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August 31, 1889

The Physician Himself and things that concern His Reputation and Success.

JAMA. 1889;XIII(9):322. doi:10.1001/jama.1889.04440050034018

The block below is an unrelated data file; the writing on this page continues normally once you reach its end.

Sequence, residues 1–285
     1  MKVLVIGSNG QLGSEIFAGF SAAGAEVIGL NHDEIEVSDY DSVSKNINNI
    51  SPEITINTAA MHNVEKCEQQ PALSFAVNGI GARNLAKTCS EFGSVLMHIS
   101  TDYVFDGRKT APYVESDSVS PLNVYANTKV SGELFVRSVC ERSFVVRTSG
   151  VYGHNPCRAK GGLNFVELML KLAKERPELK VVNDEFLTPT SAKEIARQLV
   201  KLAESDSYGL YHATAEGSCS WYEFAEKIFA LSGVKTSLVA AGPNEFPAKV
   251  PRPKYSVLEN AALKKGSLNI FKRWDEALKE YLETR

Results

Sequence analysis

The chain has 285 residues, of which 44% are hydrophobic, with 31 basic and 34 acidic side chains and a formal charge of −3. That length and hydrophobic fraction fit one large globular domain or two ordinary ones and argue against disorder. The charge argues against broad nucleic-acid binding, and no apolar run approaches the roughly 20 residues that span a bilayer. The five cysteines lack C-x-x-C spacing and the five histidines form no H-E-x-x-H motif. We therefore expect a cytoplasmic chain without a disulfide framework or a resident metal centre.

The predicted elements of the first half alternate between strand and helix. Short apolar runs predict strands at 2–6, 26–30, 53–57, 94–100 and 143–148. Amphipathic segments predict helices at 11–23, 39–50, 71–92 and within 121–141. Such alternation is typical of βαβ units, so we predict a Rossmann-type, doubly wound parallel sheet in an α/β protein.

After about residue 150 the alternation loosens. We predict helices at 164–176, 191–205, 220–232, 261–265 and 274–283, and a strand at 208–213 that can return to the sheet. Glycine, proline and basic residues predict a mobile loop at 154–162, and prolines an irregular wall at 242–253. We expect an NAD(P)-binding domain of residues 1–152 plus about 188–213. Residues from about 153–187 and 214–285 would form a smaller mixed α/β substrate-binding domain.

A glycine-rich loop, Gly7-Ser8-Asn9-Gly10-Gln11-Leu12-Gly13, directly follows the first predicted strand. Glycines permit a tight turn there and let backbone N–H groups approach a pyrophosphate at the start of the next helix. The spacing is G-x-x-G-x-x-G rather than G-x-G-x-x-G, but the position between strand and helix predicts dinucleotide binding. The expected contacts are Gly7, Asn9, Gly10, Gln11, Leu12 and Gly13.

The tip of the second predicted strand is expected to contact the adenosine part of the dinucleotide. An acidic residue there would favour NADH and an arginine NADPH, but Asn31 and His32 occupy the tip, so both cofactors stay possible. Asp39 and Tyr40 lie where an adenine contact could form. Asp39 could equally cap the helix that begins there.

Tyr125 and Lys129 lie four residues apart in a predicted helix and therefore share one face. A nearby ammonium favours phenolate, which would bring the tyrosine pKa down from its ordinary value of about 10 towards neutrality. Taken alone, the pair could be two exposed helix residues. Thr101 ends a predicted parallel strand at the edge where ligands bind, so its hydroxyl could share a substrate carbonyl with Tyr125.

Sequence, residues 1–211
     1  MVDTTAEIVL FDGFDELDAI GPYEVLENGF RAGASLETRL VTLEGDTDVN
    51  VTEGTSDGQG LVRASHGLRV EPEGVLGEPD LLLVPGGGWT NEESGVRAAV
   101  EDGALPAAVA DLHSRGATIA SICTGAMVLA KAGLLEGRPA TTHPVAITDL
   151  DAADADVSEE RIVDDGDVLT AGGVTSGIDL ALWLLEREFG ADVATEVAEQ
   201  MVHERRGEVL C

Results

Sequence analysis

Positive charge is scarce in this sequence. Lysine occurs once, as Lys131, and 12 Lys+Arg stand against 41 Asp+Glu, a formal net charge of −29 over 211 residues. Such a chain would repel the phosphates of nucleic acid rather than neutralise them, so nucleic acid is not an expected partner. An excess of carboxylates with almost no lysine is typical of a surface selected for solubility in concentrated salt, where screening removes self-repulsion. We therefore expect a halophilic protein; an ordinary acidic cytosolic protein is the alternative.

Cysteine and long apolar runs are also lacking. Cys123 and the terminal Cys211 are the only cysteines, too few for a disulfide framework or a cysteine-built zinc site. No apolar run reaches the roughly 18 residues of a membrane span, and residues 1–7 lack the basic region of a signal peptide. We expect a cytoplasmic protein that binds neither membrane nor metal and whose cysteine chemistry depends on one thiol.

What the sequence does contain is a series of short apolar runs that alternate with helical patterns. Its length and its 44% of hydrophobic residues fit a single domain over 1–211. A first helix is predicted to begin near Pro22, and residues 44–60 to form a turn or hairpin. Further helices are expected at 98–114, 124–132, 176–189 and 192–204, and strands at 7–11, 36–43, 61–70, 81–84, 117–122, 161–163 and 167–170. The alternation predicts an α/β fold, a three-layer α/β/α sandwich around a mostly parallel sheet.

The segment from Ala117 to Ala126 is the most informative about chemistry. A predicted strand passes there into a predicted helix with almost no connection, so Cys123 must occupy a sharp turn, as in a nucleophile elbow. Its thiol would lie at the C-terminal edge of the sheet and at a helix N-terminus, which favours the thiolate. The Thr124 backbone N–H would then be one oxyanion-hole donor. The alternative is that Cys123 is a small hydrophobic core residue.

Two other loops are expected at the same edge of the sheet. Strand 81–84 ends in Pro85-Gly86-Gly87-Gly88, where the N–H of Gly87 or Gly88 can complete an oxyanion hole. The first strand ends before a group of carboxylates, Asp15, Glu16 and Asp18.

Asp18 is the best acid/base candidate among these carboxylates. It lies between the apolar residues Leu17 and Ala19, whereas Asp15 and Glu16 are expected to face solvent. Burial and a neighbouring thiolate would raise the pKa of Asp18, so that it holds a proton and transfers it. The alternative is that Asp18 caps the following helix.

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If the change from the old-fashioned preceptorship had its immense advantages to medical education they were not, however, wholly unqualified; where much has been gained by the modern system, still something has been lost. What that loss is the present volume indicates better than any brief work can. That peculiar gift of professional tact and talent the author has tried to make conceivable to the reader. It is these qualities, eminently essential to the successful practice of medicine, and usually best acquired by associating with and observing those who possess them, that the preceptor of former times conveyed to the student under him by a power of personality and dignity of bearing which we venture to say few schools are capable of exerting over their students. The success of this work has been such that a ninth edition is before us. The author has in fact made accessible to the

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